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Mass-transit supporters hopeful for compromise

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Supporters of competing plans to expand mass transit in central Indiana say they’ve got differences to work out before the General Assembly wraps up March 14 but they’re confident they can find resolution.

The House and Senate have passed similar versions of legislation to allow five counties to raise individual income taxes – with voter approval – to fund more buses and routes.

The bill is headed to a conference committee where two members of the House and two from the Senate will try to work out a compromise.

“My ultimate goal is to see high-quality transportation in metropolitan areas, particularly Indianapolis,” said Sen. Pat Miller, R-Indianapolis, the author of Senate Bill 176. “I want to make sure there is readily available, easy bus transportation, and all mass transit is readily available.”

As passed by the Senate, the bill would also have authorized a corporate income tax increase that would fund about 10 percent of the total cost of expanded mass transit. That version of the bill also banned local governments from using the increased revenue to fund light rail.

In the House, lawmakers dropped the ban on light rail and stripped out the corporate income tax increase.

Miller said the conference committee discussion will focus on the light-rail ban and proposals to exclude rural townships from paying taxes for the project.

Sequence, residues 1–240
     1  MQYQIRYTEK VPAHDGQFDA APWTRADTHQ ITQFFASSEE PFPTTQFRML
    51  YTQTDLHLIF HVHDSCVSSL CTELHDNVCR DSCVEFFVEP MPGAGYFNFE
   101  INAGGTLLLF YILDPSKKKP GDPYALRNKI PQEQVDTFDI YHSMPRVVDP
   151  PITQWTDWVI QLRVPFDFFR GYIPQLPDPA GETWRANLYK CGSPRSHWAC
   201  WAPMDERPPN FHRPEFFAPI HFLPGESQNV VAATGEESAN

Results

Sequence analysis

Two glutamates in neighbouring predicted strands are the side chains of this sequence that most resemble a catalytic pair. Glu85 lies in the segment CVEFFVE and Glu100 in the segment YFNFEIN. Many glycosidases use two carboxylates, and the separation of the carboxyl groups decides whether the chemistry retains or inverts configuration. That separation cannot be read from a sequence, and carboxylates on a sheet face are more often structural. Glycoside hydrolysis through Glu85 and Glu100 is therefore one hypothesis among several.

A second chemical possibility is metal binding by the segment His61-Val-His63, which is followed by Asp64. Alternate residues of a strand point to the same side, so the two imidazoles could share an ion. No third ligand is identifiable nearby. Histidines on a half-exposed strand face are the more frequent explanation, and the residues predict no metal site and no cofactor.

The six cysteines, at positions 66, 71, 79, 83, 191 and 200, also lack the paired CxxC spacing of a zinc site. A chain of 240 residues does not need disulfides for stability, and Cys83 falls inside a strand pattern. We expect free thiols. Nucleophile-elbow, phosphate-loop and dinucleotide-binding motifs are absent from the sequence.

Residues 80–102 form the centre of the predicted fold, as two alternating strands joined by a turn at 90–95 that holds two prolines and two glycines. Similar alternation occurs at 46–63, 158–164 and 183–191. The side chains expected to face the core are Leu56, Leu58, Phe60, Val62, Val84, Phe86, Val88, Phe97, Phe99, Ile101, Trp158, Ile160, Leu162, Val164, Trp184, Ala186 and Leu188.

Miller says she can’t predict an outcome until the bill’s legislation is finalized. But the bill’s House sponsor, Rep. Jerry Torr, R-Carmel, expects the bill to pass.

“We had a fairly close vote in the House, but I think some of the things we’re talking about doing may help pick up one or two votes.” Torr said. “I suspect we’ll have an agreement on whatever the conference report will come up with.”

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  1. The east side does have potential...and I have always thought Washington Scare should become an outlet mall. Anyone remember how popular Eastgate was? Well, Indy has no outlet malls, we have to go to Edinburgh for the deep discounts and I don't understand why. Jim is right. We need a few good eastsiders interested in actually making some noise and trying to change the commerce, culture and stereotypes of the East side. Irvington is very progressive and making great strides, why can't the far east side ride on their coat tails to make some changes?

  2. Boston.com has an article from 2010 where they talk about how Interactions moved to Massachusetts in the year prior. http://www.boston.com/business/technology/innoeco/2010/07/interactions_banks_63_million.html The article includes a link back to that Inside Indiana Business press release I linked to earlier, snarkily noting, "Guess this 2006 plan to create 200-plus new jobs in Indiana didn't exactly work out."

  3. I live on the east side and I have read all your comments. a local paper just did an article on Washington square mall with just as many comments and concerns. I am not sure if they are still around, but there was an east side coalition with good intentions to do good things on the east side. And there is a facebook post that called my eastside indy with many old members of the eastside who voice concerns about the east side of the city. We need to come together and not just complain and moan, but come up with actual concrete solutions, because what Dal said is very very true- the eastside could be a goldmine in the right hands. But if anyone is going damn, and change things, it is us eastside residents

  4. Please go back re-read your economics text book and the fine print on the February 2014 CBO report. A minimum wage increase has never resulted in a net job loss...

  5. The GOP at the Statehouse is more interested in PR to keep their majority, than using it to get anything good actually done. The State continues its downward spiral.

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